Having read this chapter, the reader should be able to:
Nasogastric (NG) tubes may be used in both adults and babies. They are, as the name suggests, a tube which passes through the nose (or mouth, orogastric), into the oesophagus and through into the stomach. They have two main uses:
Adult NG tubes are rarely seen in maternity, occasionally one is used to empty the stomach prior to a rapid caesarean section in which a general anaesthetic is to be administered, or women who are nil by mouth with a complication, e.g. paralytic ileus, may need continuous drainage of the stomach. Inserting a tube into an adult is very similar to that in a neonate, except that the woman (if permitted) assists by taking sips of water so that as she swallows, the tube is advanced into her stomach. This chapter considers neonatal NG tube insertion: safety, feeding and removal. Safety is an issue of particular concern.
Feeding via a nasogastric (NG) tube is the most unnatural method of feeding. Wherever possible, a baby is breastfed. Breastfed preterm infants were able to move to enteral feeds faster than formula-fed infants, the breast milk providing better nutritional and developmental properties (Entwistle 2013). If the gestation or clinical condition is such that feeding the baby at the breast is not possible, then expressed breastmilk should be given via a suitable alternative route, e.g. cup or tube. There are many important aspects to feeding – sociability, opportunity to show love and affection, close physical and eye contact, appetite control, to name but a few. If tube feeding is the principal means of nutrition, wherever possible, the parents are encouraged to feed with these aspects in mind. In some instances tube feeding may be accompanied by, for example, short spells of breastfeeding or cup feeding. Spells at the breast aid the milk supply and make the transition to full breastfeeding easier.
An important part of digestion begins in the mouth, this is unfortunately missed when using a tube. Jones & Spencer (1999) also note that significant fat globules can adhere to the inside of the tube and so render lesser nutrition than is expected. These and other disadvantages (unsightly, easily removed, damage to the skin) often make it a short-term measure.
There have also been several alerts in the last decade from the National Patient Safety Agency (NPSA) about the positioning and safe use of NG tubes. A number of deaths have been caused by misplacement of the tube. The alert applies to all age groups, but in 2005 they released an alert specifically for use with neonates (NPSA 2005). In 2012 they reiterated their advice, suggesting that tubes that are misplaced and cause harm or death are ‘never events’, events that should never happen in modern healthcare. Misplaced tubes, i.e. misplaced into the lungs instead of the stomach, can cause death, even minor incidents can cause aspiration pneumonia (NPSA 2012).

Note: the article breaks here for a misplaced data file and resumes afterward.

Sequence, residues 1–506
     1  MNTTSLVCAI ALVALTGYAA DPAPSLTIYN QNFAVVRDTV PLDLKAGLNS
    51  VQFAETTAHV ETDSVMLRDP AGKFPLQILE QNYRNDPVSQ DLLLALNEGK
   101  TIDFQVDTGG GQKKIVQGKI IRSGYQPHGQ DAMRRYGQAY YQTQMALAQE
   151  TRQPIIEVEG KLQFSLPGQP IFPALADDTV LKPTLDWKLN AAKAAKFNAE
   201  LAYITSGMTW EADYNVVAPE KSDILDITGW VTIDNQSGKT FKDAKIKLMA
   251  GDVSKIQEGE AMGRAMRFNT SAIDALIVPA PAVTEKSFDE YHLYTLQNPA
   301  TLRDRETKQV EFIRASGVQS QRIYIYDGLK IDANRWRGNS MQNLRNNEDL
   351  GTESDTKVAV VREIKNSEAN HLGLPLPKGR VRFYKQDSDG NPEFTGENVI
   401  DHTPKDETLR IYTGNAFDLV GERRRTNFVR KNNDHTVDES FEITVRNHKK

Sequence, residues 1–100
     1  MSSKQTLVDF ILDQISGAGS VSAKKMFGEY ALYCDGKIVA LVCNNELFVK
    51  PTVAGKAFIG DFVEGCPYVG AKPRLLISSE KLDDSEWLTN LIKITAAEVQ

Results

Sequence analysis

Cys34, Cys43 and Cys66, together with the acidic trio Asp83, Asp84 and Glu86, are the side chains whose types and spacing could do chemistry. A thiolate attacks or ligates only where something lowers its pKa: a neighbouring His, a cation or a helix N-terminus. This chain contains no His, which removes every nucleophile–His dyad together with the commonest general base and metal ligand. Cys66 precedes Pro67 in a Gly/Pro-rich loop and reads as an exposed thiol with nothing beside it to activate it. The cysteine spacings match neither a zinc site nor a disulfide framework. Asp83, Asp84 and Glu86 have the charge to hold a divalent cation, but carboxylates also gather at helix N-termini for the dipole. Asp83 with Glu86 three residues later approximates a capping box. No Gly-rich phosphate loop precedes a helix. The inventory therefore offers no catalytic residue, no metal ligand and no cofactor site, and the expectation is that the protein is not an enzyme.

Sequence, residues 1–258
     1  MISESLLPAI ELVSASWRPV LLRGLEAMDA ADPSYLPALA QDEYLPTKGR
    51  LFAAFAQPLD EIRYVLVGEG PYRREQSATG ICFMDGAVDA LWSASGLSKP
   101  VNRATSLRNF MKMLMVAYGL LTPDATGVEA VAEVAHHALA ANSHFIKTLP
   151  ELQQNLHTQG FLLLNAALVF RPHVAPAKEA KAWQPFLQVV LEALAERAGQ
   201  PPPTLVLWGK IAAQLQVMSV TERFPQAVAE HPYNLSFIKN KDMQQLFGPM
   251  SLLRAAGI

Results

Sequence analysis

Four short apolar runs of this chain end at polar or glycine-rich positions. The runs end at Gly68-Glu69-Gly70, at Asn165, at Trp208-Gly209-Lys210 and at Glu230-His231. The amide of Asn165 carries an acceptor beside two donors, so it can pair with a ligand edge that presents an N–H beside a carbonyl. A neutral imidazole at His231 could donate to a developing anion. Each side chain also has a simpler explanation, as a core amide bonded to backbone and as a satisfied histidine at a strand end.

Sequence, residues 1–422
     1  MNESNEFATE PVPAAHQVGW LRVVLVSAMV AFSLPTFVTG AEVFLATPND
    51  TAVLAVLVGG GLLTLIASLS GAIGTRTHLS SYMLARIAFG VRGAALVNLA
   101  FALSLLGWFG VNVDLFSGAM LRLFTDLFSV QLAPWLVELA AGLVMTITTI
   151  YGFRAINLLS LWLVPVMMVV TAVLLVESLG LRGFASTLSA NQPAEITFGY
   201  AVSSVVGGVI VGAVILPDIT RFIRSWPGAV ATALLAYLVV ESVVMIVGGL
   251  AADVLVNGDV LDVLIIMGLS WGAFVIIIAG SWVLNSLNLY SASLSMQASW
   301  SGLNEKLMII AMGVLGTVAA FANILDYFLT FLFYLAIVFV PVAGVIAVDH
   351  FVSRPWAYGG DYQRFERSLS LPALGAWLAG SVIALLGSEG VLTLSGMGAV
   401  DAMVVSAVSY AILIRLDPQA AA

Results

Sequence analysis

The midwife is most likely to encounter tube feeding in special care baby units, the midwife also has a role in educating and supporting parents who may need to undertake NG tube feeds safely at home.
Small (fine-bore) tubes are used for neonates. They are sterile, radiopaque and have visible external markings. Those used for older children or adults may have a guide wire that is used for insertion and can be cleaned, dried, and stored (name labelled) for future use. Tubes made from PVC should be changed after 7 days, polyurethane after 30 days. The tube is always checked to make sure it is complete before insertion. It may be lubricated with sterile water before insertion, but not any other lubricant. A tube that appears blocked should have 1–2 mL of air put down it, if this does not solve the problem, it is removed and replaced.
Traditionally the NEX – nose to ear to xiphisternum measuring system – has been used for neonates to determine the appropriate length for tube insertion. However, Cirgin Ellett et al (2011) propose that this distance is regularly too short and that the newer NEMU (nose to ear to midpoint between xiphisternum and umbilicus) should be used. They point out that other studies are yet to report on other measurements, including body weight, but agree that NEX is an inappropriate measure. The reader should consider their local protocol; this text currently demonstrates NEX as its guideline.
As mentioned, feeding tubes can migrate, or may not have been placed correctly to start with. As well as the lungs, tubes can sometimes be found in the oesophagus or duodenum or coiled or kinked within the oral cavity. There are several methods previously advocated to check NG tube placement; they are no longer valid. These methods should not be used to assess an NG tube position (NPSA 2005):
The only recommended method of checking that the tube is in the stomach is the aspiration and testing of gastric aspirate (see below). The NPSA (2005) have issued specific guidance for the use of NG and orogastric tubes in neonates. Their guidance surrounds the critical issues: